Using Italian and Taiwanese cohorts, Alessandro Vitale and colleagues develop and validate a staging system and prognostic model for hepatocellular carcinoma.
Primary liver cancer—a tumor that starts when a liver cell acquires genetic changes that allow it and its descendants to divide uncontrollably and move around the body (metastasize)—is the sixth most common cancer and the second leading cause of cancer-related deaths worldwide. Liver cancer kills more than three-quarters of a million people every year, mostly in resource-limited countries. The risk of developing hepatocellular carcinoma (HCC; the most common type of liver cancer) is highest in eastern and southeastern Asia; among wealthier nations, the risk of HCC is particularly high in Italy. HCC can be treated by surgical removal of part of the liver, liver transplantation, ablation (which uses an electric current to destroy the cancer cells), intra-arterial therapies (which deliver drugs directly into the liver), or systemic (whole body) drug therapies. However, the symptoms of HCC, which include weight loss, tiredness, and jaundice, are vague. HCC is therefore rarely diagnosed before the cancer is advanced and has a poor prognosis (likely outcome)—fewer than 5% of patients survive for five or more years after diagnosis.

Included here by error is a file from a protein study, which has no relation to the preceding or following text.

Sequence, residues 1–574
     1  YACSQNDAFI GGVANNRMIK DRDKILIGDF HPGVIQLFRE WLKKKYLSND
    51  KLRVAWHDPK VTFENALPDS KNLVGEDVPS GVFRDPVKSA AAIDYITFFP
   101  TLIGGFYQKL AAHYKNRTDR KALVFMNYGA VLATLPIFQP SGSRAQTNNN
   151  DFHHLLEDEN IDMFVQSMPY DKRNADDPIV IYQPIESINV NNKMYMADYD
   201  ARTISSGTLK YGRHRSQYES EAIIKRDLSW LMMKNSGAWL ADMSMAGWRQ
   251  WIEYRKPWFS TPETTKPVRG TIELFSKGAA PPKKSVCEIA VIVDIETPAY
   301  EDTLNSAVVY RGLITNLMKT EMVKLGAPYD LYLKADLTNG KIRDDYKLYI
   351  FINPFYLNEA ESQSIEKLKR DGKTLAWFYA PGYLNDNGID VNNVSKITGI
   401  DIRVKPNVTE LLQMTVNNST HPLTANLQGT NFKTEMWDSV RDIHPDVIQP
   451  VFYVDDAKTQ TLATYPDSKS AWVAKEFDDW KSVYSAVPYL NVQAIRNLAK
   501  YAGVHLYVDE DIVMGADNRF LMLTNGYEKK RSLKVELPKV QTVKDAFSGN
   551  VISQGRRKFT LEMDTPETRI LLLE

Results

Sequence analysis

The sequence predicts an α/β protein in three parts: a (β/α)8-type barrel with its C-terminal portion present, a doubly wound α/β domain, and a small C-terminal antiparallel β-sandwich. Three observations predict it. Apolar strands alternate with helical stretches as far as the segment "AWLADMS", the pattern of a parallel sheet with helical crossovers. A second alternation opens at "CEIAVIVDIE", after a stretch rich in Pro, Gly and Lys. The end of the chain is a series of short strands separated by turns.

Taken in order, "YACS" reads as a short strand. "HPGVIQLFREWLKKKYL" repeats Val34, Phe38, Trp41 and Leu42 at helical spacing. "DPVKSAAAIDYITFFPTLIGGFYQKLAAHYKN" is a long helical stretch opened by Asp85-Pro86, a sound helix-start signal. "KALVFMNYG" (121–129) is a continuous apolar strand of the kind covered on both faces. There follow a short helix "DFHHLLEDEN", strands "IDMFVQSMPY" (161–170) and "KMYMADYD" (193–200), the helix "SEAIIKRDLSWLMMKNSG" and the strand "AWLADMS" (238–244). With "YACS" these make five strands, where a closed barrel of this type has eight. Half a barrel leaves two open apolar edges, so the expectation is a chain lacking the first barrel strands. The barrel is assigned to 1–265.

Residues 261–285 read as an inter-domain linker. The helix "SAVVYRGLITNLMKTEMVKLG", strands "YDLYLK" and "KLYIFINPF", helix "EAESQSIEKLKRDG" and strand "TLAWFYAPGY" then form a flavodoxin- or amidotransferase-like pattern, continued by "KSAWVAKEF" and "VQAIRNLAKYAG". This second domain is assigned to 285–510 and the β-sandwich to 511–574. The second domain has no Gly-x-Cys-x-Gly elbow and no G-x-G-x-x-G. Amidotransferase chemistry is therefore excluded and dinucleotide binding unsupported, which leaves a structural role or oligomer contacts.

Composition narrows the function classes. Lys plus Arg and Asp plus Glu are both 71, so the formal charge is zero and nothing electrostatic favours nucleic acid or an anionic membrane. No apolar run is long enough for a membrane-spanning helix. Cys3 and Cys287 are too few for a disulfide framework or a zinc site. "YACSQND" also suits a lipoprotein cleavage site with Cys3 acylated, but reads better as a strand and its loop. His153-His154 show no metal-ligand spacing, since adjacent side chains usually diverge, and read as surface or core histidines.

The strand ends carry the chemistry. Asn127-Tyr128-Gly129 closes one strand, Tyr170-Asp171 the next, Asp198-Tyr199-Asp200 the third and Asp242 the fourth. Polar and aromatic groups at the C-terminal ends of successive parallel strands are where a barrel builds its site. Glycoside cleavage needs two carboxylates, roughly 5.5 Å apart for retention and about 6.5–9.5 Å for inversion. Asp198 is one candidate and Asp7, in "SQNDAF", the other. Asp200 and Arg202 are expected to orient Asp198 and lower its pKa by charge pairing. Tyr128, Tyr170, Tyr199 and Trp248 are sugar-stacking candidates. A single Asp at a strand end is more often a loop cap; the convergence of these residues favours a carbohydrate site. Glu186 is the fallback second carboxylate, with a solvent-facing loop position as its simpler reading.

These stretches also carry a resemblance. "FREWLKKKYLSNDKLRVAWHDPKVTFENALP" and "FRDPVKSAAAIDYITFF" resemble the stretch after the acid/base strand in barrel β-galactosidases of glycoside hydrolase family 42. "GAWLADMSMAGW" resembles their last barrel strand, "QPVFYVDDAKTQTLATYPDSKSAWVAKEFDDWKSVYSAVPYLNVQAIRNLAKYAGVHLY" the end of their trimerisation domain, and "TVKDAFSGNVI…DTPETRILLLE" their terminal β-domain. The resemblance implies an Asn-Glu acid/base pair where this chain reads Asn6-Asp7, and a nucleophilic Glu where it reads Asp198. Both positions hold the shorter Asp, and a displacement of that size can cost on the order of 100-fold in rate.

Why Was This Study Done?
Cancer staging describes the severity of a cancer based on the size and extent of the original tumor and whether the tumor has metastasized. Staging helps doctors estimate the patient’s prognosis and can help them devise a treatment plan that will, hopefully, improve patients’ quality of life and may extend their life expectancy. Several staging systems have been devised for HCC, but prognostic assessment of patients with HCC is controversial. No single prognostic model (a model that allows clinicians to obtain predictions about the likely outcomes of individual patients) has been universally adopted. An ideal model is difficult to achieve as it would need to consider tumor-related, liver-function-related, and patient-related variables, all of which have different impacts on patient prognosis. Here, the researchers use a database created by the Italian Liver Cancer (ITA.LI.CA) group that includes information on more than 5,000 Italians with HCC to develop a new prognostic model to predict individual patient outcomes based on tumor-related, liver-function-related, and patient-related variables.
What Did the Researchers Do and Find?